|Publication number||US4531956 A|
|Application number||US 06/433,810|
|Publication date||Jul 30, 1985|
|Filing date||Oct 12, 1982|
|Priority date||Nov 10, 1981|
|Also published as||DE3261207D1, EP0079122A1, EP0079122B1|
|Publication number||06433810, 433810, US 4531956 A, US 4531956A, US-A-4531956, US4531956 A, US4531956A|
|Inventors||Frederick H. Howorth|
|Original Assignee||Howorth Air Engineering Limited|
|Export Citation||BiBTeX, EndNote, RefMan|
|Patent Citations (13), Referenced by (37), Classifications (22), Legal Events (5)|
|External Links: USPTO, USPTO Assignment, Espacenet|
This invention relates to a sterile air trolley, particularly for provision of a sterile air zone for surgery and surgical instruments.
Air in an operating theatre is a vehicle for bacterial and gaseous contaminants either generated within the theatre or brought in from outside by movement of people and air. Since many of these airborne contaminants are harmful to patients or to those who work in the operating theatre, it will be appreciated that their removal is necessary on medical as well as financial grounds. In general, removal of such airborne contaminants as bacteria-carrying particles and anaesthetic gases exhaled by the patient is accomplished by specialised air-conditioning systems currently installed in many operating theatres.
An object of the present invention, is the provision of a bacteria-free zone in the theatre where sterile items, particularly surgical instruments may be safely removed from their protective wrappings and in which surgery may be performed without any risk of airborne bacterial contamination.
With this object in view, the present invention provides a sterile air trolley comprising a mobile casing having one or more air inlets in its lower region and a plurality of air outlets in its upper region and enclosing impeller means operative to move air in through said inlet or inlets, through filter means and out of the casing by way of the outlets.
The impeller means preferably comprises a motor-driven fan.
The filter means is preferably located above the impeller means, but it may alternatively or additionally be located across each of the inlets.
The upper region of the casing may extend laterally beyond one or more sides of the lower region of the casing.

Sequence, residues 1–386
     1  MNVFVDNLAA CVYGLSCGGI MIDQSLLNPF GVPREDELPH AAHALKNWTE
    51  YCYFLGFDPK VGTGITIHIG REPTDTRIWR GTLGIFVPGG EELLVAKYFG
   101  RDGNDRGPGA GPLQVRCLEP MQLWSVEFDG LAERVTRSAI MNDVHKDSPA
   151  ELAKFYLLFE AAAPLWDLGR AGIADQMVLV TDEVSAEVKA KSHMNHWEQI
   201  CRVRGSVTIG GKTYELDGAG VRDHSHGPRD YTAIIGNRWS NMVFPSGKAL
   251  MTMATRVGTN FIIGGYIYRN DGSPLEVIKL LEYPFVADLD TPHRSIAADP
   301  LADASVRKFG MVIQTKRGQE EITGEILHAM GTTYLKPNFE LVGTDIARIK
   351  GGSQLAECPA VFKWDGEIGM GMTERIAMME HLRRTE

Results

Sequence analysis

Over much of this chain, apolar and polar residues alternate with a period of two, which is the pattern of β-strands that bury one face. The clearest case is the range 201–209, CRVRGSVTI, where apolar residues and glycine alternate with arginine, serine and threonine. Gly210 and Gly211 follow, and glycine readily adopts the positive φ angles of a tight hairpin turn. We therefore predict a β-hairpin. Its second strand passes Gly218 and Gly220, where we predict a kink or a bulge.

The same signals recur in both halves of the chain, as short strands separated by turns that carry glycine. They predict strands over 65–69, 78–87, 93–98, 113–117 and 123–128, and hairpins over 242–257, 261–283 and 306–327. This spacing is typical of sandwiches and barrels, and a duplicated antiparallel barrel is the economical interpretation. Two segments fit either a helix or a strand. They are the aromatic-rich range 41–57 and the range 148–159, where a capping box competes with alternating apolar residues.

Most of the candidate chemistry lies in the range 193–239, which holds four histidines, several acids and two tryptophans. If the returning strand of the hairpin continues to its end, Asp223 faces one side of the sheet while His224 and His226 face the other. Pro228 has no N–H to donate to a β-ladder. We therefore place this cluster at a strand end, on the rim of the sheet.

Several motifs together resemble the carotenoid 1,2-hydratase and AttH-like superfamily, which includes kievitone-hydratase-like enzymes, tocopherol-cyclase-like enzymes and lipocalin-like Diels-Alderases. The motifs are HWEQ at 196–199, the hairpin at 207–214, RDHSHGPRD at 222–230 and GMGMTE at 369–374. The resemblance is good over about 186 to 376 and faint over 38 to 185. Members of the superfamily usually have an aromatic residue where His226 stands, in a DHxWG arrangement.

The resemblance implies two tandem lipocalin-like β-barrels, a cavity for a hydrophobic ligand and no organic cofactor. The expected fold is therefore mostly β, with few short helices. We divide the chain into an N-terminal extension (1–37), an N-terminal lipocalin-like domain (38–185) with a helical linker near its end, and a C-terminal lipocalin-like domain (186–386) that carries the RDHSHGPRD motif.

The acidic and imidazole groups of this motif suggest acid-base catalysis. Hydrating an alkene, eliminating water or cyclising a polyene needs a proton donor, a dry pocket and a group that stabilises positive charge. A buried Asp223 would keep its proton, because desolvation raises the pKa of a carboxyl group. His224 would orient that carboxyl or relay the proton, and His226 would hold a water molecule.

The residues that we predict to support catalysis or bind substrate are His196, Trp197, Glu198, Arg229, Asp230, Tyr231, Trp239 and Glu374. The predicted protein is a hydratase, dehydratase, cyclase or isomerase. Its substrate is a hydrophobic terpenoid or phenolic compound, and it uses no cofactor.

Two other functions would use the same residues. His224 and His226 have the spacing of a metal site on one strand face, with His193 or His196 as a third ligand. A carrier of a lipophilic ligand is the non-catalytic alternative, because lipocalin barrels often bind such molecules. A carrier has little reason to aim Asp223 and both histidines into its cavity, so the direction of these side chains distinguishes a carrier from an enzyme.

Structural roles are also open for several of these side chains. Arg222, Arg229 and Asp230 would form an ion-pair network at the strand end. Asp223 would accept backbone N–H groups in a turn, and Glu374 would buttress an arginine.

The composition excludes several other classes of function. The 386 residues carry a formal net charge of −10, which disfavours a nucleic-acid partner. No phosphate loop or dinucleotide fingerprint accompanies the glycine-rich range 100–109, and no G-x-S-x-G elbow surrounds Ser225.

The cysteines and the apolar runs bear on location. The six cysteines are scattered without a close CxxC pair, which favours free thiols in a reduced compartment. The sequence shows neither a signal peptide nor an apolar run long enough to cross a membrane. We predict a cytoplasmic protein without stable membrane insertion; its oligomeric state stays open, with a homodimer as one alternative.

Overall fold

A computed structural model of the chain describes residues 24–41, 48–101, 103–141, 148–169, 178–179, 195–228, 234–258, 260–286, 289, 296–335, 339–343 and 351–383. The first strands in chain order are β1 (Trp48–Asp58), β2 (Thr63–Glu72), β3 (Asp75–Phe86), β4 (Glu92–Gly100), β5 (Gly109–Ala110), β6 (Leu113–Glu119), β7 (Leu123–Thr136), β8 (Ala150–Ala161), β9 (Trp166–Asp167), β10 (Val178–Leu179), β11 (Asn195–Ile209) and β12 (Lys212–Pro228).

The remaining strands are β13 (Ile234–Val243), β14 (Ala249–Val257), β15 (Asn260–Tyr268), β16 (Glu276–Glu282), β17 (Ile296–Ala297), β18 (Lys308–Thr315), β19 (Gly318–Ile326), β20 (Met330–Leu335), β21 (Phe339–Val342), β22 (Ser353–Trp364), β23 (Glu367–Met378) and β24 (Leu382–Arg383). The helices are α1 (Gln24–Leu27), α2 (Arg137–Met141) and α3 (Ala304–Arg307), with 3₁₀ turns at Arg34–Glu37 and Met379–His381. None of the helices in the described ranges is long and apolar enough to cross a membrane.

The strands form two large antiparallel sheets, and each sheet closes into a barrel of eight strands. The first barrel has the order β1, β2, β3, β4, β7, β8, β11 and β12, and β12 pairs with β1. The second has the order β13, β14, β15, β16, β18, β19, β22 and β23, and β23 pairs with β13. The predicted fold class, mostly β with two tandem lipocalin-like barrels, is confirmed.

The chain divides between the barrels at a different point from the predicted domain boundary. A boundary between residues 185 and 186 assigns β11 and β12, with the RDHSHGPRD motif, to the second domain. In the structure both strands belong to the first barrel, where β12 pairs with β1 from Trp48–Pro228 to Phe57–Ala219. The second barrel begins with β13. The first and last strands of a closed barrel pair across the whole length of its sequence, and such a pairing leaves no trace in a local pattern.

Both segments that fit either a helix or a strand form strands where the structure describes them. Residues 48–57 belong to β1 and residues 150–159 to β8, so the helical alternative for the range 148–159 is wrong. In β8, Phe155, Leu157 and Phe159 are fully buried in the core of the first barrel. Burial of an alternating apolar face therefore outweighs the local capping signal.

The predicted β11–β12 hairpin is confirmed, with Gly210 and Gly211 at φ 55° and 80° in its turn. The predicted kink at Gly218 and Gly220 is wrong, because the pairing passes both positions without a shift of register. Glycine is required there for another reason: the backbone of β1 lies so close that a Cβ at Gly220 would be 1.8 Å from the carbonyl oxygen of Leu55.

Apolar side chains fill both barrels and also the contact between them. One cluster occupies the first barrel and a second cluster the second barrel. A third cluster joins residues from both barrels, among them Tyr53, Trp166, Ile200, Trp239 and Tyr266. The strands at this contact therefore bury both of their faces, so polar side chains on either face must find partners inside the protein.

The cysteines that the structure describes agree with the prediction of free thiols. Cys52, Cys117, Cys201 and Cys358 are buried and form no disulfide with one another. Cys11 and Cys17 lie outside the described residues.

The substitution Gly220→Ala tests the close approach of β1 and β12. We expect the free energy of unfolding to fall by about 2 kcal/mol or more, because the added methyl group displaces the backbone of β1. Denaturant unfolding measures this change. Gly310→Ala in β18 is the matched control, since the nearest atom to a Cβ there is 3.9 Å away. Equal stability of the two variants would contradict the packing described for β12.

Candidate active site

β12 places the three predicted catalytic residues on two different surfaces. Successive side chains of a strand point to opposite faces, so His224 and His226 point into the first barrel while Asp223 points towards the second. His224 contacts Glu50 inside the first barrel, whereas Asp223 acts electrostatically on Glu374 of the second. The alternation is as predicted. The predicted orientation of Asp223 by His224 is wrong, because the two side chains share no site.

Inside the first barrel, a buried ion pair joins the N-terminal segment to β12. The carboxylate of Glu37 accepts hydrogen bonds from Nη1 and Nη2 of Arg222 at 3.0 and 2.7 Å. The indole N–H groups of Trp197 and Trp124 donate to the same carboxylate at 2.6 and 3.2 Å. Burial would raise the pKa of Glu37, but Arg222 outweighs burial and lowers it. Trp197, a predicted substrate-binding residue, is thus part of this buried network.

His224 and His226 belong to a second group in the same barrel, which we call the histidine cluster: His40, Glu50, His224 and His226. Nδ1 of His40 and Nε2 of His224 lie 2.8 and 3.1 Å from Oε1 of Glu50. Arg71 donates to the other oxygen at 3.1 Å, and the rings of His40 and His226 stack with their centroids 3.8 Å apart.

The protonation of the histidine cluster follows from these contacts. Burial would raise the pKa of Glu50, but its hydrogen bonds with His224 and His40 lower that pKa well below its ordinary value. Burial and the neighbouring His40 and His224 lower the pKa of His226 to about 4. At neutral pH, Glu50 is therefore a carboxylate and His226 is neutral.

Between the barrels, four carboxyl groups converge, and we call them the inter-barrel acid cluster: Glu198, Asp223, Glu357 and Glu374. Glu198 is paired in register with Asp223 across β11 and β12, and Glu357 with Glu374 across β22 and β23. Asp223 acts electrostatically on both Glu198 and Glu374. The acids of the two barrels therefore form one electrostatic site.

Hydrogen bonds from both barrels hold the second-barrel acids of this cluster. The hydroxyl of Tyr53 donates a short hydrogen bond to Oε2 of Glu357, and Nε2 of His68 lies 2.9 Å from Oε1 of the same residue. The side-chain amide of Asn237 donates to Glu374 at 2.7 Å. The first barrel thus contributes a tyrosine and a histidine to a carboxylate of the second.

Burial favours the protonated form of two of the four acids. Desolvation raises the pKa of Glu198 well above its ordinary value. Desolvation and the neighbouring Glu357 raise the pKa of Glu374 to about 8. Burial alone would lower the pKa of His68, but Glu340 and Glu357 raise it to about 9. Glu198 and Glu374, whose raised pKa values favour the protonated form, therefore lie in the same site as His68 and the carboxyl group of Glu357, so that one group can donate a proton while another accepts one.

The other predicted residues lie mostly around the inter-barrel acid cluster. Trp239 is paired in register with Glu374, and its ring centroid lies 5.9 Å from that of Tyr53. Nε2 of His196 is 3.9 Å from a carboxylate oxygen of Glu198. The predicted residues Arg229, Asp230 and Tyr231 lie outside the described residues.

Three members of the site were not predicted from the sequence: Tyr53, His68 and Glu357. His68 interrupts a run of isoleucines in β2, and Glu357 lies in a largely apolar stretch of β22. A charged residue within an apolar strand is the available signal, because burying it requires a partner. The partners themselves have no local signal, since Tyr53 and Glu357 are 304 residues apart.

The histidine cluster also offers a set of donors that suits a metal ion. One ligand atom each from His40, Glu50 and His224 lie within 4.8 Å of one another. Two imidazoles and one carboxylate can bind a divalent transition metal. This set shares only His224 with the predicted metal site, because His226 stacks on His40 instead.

The air outlets are conveniently in the form of a plurality of substantially circular apertures in the upper region of the casing. The size of these apertures may vary from one part of the casing to another so that resultant air outflow from the trolley may be graded, small diameter apertures allowing only a low rate of air flow and larger diameter apertures allowing a correspondingly greater rate of air flow so that areas adjacent these larger apertures are rendered substantially entirely free of airborne contaminants when the impeller means inside the trolley casing is switched on.
The invention will be described further, by way of example, with reference to the accompanying drawings in which:
FIG. 1 is a perspective view of a preferred embodiment of the sterile air trolley of the present invention;
FIG. 2 is a cross-section of the trolley along the line 2--2 of FIG. 1; and
FIG. 3 is a side elevation to a smaller scale of two of the trolleys illustrated in FIGS. 1 and 2 as arranged for use adjacent an operating table.
As shown in FIG. 1, a sterile air trolley comprises a box-like casing 10 having a lower region or base 11 and an upper region 12. Four castors 13 are attached to the underside of lower region 11, one castor at each of the four corners thereof. Four substantially rectangular louvred air inlets 14 are respectively located adjacent the lower edge of each of the four side walls of the lower region 11. The upper region 12 of the casing 10 extends laterally beyond all four sides of the lower region 11 to form, at one side, a limb 15 and at the other three sides an overhang 25 of about three centimeters.
The internal structure of the trolley is shown in FIG. 2. The lower region or base 11 of the casing 10 encloses three chambers disposed vertically one on top of the other. The lower end of the base 11 encloses a suction chamber 16 at the centre of which is located impeller means in the form of a motor-driven fan, generally indicated at 17. One inlet 14 is disposed in each of the four walls of the suction chamber 16. Prefilters 18 are firmly attached at the inner side of each of the inlets 14. Immediately above the fan suction chamber 16 is a plenum chamber 19 and above that, still within the lower region or base 11 of the trolley casing 10, is a chamber 20, wherein a silencer and a HEPA (high efficiency particulate air) filter are located.